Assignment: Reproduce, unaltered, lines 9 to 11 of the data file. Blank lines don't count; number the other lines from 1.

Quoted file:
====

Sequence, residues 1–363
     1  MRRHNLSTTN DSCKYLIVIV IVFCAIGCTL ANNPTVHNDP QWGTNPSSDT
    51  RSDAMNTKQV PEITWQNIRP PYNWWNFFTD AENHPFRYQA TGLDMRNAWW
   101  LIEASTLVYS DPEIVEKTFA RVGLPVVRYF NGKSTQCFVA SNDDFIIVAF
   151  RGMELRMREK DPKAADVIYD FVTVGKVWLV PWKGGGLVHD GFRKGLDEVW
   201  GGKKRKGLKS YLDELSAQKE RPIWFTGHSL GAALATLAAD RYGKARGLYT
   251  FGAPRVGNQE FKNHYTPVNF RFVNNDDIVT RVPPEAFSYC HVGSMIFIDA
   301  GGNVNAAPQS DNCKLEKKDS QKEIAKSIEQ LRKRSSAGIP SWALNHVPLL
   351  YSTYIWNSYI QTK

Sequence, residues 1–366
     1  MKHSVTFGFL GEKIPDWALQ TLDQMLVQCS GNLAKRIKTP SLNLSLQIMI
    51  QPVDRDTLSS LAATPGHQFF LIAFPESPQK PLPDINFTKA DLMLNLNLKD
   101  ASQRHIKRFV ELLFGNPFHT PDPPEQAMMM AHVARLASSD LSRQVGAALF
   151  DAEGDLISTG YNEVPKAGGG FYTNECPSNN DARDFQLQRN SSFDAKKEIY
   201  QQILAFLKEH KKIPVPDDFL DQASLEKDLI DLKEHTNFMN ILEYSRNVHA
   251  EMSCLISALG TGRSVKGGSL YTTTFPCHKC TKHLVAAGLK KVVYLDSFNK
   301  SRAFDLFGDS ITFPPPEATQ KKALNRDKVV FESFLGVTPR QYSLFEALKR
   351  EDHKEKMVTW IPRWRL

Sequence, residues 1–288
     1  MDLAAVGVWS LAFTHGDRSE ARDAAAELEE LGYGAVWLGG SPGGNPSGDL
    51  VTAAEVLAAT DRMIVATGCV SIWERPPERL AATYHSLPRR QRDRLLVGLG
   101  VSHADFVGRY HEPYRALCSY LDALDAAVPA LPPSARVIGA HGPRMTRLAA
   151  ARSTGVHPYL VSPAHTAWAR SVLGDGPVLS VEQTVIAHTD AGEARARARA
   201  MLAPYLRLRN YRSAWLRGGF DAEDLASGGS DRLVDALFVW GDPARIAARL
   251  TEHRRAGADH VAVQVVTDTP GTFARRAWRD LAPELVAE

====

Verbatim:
   351  YSTYIWNSYI QTK

Sequence, residues 1–366
     1  MKHSVTFGFL GEKIPDWALQ TLDQMLVQCS GNLAKRIKTP SLNLSLQIMI